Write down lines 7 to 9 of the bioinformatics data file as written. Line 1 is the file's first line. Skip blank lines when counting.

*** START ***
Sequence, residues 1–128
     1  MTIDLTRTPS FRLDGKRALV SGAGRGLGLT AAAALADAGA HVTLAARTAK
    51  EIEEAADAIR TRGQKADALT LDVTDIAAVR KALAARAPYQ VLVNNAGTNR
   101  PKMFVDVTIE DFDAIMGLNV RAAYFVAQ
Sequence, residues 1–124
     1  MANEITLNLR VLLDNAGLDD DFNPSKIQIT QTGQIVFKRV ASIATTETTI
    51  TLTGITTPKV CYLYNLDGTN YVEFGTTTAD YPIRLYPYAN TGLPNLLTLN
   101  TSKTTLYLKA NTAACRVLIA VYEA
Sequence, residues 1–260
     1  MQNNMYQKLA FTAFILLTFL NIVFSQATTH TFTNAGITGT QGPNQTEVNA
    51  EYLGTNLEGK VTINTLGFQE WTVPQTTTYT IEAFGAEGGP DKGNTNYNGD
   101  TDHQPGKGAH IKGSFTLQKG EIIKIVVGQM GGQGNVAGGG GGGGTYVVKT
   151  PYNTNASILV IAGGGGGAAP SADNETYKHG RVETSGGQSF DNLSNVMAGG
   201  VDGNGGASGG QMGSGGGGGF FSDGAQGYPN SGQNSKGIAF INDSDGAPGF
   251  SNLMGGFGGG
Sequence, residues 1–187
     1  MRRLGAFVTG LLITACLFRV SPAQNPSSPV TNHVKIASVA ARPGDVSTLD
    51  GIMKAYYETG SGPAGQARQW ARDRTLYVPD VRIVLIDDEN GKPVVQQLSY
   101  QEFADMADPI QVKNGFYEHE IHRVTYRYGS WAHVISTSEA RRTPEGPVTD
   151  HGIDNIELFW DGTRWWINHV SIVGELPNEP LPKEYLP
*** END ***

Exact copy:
    51  TLTGITTPKV CYLYNLDGTN YVEFGTTTAD YPIRLYPYAN TGLPNLLTLN
   101  TSKTTLYLKA NTAACRVLIA VYEA
Sequence, residues 1–260